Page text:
With the help of my family at the age of 16, I took action through the platform of the Girl Scout Gold Award. Girl Scouts’ highest award, the Gold Award, is given to an older scout who has spent at least 80 hours creating a sustainable and global-minded project that addresses a certain issue. After discovering a TED talk about an Indian engineer who created a simple machine for producing low-cost sanitary pads, I knew I found a sustainable solution. The machine takes cotton fiber and grinds it up, and the women then press it into simple rectangular molds. They wrap it twice in a cotton covering and then sanitize it in a small UV machine. The women sell these at an appropriate rate cheaper than the market price and use the profit to compensate for their time and purchase the next year’s materials.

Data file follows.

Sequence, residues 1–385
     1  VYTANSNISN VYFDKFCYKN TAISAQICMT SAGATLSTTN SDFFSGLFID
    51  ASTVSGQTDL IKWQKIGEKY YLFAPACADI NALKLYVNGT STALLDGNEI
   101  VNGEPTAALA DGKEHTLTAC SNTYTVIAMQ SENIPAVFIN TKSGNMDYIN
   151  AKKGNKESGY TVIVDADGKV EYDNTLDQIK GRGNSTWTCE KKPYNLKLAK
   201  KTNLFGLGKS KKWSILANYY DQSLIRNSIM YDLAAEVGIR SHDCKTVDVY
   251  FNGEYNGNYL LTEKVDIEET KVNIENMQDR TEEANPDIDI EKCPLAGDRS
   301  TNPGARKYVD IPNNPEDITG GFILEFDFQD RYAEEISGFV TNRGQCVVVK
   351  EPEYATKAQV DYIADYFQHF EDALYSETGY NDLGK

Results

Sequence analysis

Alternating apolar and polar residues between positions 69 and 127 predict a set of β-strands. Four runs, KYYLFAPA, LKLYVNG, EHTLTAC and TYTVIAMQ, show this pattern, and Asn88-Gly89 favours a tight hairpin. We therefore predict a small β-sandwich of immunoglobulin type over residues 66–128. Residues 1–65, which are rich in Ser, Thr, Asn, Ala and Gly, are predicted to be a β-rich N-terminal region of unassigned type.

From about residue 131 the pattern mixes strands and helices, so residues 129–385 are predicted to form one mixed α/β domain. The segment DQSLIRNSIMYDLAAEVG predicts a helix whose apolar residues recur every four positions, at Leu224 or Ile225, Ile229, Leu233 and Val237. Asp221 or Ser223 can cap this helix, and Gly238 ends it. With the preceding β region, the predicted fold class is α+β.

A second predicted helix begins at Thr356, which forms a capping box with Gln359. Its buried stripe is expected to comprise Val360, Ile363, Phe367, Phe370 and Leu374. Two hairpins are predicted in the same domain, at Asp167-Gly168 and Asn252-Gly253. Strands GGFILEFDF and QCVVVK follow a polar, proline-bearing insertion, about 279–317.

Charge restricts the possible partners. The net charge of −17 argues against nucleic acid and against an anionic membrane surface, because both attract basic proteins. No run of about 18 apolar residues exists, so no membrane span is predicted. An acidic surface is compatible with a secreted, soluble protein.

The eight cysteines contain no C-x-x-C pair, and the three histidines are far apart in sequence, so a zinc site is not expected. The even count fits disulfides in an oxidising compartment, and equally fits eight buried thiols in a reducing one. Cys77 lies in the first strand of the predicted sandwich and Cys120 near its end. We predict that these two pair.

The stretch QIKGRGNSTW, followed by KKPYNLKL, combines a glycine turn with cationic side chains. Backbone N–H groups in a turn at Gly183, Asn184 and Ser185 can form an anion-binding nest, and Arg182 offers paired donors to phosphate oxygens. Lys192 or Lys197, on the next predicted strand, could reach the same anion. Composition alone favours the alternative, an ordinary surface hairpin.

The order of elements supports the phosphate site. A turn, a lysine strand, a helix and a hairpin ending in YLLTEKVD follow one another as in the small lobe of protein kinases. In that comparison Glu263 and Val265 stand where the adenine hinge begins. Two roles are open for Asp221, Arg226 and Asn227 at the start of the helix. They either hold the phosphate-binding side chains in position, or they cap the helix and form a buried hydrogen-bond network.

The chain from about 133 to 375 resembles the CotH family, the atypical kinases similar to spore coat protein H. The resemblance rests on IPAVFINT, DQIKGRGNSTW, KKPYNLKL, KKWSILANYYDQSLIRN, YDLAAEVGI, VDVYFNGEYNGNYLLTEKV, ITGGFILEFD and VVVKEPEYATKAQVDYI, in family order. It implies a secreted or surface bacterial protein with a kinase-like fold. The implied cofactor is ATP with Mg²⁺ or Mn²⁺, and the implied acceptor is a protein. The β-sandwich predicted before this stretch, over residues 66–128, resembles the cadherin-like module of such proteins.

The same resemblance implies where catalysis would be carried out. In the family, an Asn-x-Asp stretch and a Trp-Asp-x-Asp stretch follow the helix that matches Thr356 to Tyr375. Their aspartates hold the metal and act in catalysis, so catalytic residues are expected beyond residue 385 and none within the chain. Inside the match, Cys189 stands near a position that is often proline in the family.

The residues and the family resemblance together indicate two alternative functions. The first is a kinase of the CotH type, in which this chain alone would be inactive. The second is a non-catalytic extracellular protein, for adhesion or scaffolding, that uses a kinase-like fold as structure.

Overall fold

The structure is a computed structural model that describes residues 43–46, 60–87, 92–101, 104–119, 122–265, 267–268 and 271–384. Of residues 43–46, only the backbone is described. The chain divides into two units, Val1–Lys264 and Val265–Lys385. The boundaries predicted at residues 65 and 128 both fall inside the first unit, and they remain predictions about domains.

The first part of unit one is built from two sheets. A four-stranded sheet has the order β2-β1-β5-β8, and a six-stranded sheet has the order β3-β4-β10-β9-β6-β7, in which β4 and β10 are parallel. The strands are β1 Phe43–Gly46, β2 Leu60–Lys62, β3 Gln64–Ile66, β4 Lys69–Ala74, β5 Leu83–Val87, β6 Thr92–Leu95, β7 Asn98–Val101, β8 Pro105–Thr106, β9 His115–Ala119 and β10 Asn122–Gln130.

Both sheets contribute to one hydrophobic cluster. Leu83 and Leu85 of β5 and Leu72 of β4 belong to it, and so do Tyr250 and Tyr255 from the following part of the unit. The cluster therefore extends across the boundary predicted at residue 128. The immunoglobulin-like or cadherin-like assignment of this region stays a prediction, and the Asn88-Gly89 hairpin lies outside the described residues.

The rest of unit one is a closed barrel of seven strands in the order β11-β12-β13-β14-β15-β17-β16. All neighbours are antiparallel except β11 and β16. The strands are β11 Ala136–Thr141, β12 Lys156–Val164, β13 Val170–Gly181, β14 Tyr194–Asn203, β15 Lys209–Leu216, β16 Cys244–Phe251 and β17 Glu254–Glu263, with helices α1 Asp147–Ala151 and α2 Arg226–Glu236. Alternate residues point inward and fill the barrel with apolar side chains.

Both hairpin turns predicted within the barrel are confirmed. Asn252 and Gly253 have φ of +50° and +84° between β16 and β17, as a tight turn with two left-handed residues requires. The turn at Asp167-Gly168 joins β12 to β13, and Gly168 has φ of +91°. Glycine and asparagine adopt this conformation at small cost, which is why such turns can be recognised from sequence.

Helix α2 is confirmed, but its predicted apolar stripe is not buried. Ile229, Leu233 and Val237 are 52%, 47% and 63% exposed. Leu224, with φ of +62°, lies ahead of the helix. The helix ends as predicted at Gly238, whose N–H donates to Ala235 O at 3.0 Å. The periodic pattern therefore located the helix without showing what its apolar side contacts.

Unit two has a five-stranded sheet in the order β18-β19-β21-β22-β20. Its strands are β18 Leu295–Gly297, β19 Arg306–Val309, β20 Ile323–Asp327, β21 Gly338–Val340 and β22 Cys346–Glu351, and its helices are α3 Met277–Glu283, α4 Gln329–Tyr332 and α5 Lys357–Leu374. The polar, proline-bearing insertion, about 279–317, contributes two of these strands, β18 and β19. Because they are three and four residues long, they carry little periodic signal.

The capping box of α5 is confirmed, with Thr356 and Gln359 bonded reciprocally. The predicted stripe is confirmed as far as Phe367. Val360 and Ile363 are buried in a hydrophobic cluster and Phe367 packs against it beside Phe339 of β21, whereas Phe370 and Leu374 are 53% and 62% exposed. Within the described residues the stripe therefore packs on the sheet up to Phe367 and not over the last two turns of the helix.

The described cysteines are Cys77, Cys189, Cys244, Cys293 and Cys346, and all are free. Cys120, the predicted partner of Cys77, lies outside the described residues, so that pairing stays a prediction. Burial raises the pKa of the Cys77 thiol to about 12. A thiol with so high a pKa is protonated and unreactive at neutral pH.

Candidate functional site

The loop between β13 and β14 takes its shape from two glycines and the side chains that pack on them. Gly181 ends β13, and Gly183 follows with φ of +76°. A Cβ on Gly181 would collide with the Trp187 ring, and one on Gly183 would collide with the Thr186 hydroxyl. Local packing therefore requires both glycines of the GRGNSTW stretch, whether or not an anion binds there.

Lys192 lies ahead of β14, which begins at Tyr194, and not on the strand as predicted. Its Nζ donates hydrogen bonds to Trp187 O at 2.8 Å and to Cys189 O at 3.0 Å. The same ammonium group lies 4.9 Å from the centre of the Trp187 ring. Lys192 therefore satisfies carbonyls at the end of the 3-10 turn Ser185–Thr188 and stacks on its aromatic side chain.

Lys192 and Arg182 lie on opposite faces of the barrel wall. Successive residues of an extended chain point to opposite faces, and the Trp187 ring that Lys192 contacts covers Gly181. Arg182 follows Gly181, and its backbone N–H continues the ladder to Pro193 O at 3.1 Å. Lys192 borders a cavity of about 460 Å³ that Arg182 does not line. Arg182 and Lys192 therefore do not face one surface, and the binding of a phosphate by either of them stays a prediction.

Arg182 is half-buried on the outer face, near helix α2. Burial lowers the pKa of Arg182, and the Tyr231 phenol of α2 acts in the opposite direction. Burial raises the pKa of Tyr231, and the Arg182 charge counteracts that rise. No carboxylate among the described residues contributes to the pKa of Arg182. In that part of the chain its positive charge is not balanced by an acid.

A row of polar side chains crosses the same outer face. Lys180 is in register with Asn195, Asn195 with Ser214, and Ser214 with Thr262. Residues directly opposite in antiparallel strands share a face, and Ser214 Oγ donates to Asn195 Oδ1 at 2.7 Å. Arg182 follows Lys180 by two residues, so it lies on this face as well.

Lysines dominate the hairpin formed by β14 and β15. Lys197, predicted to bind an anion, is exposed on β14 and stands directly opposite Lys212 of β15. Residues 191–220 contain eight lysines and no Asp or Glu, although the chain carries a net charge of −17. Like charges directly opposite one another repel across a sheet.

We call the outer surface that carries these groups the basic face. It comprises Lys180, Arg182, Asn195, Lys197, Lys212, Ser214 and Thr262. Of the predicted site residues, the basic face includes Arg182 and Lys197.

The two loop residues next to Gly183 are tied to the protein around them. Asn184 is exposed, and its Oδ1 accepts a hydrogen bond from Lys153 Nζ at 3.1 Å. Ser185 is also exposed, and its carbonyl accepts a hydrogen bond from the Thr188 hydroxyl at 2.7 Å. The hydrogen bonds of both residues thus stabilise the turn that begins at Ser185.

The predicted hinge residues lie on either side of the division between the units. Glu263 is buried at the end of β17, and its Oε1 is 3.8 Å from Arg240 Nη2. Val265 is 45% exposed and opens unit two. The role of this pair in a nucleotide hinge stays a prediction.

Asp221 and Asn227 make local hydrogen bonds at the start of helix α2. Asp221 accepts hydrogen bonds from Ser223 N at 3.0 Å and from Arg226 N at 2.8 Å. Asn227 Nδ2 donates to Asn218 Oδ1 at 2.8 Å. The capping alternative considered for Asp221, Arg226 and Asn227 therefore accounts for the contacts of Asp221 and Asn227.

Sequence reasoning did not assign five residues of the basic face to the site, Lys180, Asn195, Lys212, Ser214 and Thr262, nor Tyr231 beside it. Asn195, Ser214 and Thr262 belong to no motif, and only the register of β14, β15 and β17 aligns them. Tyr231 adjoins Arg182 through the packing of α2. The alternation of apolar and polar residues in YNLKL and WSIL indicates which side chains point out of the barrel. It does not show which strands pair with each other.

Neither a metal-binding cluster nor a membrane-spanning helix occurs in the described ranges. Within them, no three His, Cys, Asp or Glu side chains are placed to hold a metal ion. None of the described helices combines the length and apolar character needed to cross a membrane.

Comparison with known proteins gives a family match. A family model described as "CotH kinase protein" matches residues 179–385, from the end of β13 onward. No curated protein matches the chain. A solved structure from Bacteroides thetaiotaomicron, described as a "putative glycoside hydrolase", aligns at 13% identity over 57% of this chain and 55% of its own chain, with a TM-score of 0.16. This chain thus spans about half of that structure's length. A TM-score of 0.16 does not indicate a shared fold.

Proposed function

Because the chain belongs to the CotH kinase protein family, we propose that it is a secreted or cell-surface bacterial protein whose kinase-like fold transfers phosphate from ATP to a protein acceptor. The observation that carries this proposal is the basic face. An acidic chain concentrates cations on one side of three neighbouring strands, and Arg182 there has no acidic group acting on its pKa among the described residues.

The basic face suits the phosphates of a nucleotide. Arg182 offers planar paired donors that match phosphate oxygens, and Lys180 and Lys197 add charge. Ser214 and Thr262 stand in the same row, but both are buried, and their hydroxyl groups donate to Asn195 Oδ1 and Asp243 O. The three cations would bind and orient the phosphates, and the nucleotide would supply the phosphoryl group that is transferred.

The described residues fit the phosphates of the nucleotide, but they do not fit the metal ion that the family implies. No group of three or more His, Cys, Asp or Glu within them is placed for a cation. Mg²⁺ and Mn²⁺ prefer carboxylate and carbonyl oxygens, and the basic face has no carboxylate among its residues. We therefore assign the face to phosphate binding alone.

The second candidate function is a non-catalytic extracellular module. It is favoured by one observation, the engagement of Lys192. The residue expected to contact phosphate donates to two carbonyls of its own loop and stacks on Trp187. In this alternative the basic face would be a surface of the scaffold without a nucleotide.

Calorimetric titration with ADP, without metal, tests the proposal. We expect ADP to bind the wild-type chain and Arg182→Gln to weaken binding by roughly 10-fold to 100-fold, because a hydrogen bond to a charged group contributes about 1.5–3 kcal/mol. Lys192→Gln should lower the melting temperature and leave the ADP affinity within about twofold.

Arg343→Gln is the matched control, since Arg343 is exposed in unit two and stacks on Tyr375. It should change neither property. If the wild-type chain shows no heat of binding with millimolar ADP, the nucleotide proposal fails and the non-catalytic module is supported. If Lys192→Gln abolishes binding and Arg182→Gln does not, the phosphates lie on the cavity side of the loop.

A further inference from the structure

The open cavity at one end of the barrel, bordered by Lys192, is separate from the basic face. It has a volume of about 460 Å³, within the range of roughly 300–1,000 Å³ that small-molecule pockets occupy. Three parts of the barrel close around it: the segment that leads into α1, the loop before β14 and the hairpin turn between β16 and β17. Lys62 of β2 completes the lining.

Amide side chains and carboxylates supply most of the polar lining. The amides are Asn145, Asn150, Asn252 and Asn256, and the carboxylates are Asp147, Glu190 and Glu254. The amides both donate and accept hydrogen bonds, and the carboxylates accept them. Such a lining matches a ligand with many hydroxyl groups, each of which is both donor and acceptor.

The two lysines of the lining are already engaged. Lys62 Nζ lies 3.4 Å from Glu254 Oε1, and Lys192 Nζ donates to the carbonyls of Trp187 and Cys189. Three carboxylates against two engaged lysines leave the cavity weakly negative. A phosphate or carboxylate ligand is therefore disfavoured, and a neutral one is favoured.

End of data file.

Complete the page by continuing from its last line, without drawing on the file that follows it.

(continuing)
Since then, my sister and I have registered as a non-profit and raised money to build a bathroom for the women near the location where machine is housed. We check back often and are currently working on ways to build a better model with the environment, culture, and girls in mind. I’m honored to have been recognized for this work, and I’m so glad that this movement is gaining so much traction around the world, because it has been overlooked for far too long. Though The MAHI Project is not a UT student organization, if you would like to get involved with helping us, please reach out at firstname.lastname@example.org or to The MAHI Project Facebook page. We are currently working on research, spreading the word through outreach, and fundraising in order to plan our next project, and we would appreciate help from any students that are passionate about menstrual hygiene in the developing world.